I wrote a little python script that takes the CHM formatted API documentation and converts it into DocSet format that can be used by Dash. If you don’t know it already, Dash is an nice offline documentation browser on Mac, which integrates with pretty much any source editor and supports most standard language APIs out of the box.
The result is one click access to the documentation from Xcode and instant fuzzy search from everywhere:
If anyone from Epic is reading this, would you mind if I uploaded the resulting docset somewhere, GitHub maybe? Considering that the API docs are publicly available online, this shouldn’t be a big problem? If you don’t want it to be public, is there a way to only share it with subscribers?
Also, if I may recommend a small improvement to the documentation in the future:
Some HTML meta info in the documentation would make parsing more easy and reliable. At the very least, a category (class, struct, method, constant etc…) for each file. Right now, I have to guess the category with a regexp match on the content of the div with class=‘simplecode_api’.
Until then (or if I’m not allowed to share the documentation itself), I put the script onto on GitHub. Here is how you use it:
- Get the CHM documentation from:
Windows: C:\Program Files\Unreal Engine\4.x\Engine\Documentation
- Extract the CHM file to HTML. You should get a folder that looks something like this:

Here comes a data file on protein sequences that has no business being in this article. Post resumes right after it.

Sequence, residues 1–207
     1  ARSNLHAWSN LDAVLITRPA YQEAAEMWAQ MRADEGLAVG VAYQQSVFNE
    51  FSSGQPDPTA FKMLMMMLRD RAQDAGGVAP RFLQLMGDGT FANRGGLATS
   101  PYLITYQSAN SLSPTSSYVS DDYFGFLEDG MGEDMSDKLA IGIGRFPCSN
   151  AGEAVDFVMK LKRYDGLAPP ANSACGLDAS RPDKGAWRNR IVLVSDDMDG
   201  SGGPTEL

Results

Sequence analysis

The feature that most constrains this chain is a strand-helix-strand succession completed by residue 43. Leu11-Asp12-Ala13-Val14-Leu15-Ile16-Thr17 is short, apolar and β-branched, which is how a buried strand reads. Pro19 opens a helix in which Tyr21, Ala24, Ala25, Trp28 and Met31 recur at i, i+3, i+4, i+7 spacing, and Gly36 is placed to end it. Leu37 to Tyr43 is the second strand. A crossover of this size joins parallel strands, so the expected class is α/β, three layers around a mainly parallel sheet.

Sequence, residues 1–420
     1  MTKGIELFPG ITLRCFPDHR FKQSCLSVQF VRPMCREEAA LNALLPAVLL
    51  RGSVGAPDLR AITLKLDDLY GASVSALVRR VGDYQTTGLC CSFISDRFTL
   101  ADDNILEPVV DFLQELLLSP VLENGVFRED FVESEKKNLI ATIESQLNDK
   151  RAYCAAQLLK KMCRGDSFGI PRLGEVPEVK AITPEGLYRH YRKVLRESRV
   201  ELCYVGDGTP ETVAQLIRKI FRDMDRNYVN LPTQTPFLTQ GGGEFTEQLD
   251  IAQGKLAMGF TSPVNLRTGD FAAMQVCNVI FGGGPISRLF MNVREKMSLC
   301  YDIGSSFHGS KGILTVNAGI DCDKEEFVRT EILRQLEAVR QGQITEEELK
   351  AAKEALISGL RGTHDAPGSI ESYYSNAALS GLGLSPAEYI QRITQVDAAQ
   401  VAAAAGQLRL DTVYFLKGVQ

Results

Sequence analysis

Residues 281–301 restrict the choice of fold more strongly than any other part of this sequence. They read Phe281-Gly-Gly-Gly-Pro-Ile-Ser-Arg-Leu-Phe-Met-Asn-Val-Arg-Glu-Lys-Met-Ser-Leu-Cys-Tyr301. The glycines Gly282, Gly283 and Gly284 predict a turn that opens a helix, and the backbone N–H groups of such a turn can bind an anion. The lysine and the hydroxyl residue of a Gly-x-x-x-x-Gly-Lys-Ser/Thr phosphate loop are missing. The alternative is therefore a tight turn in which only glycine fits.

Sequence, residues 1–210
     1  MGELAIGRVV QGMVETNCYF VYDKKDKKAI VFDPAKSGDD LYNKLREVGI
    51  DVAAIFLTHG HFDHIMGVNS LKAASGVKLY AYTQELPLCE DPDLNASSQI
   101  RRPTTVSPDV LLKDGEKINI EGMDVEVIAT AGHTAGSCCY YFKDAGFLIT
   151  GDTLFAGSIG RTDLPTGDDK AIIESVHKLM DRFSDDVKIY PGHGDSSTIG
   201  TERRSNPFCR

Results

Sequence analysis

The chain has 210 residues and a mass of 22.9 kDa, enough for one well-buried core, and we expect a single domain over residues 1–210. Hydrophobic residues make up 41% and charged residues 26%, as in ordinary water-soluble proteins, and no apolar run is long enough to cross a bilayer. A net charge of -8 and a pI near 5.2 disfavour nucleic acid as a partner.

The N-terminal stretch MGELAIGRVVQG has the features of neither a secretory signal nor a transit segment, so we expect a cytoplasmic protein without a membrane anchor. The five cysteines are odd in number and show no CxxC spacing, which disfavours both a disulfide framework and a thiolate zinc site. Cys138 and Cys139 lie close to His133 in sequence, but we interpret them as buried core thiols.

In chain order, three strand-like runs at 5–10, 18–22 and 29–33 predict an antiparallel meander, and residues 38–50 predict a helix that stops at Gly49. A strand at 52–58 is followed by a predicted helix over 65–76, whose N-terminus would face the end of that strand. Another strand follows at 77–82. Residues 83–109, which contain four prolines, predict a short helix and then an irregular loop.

The script uses BeautifulSoup to parse the documentation. If you don’t have it already, install it:
[FONT=Courier New]$ easy_install beautifulsoup4
Run the python script to generate the Dash compatible DocSet from the extracted HTML documentation:
[FONT=Courier New]$ python ue4docset.py -n “Unreal Engine” ~/Desktop/API ~/Desktop/UE4.docset
The first path is the location of the extracted HTML documentation. The second path is the output DocSet file. You can define the name of the documentaion as it will appear in Dash, using the -n option.
The process will take some time to parse the entire documentation. On my relatively fast machine it takes around 7 minutes to finish.
Go to Dash > Preferences > Docsets. Click the + button and add select the generated .docset file.
Xcode’s own documentation browser is not (yet) supported, as it uses a slightly more complicated format and I’m using Dash personally. I don’t have a lot of time for that right now, but if anyone wants to tackle that, just submit a pull request and I’ll merge it, thanks! Here is some info on Xcode’s format.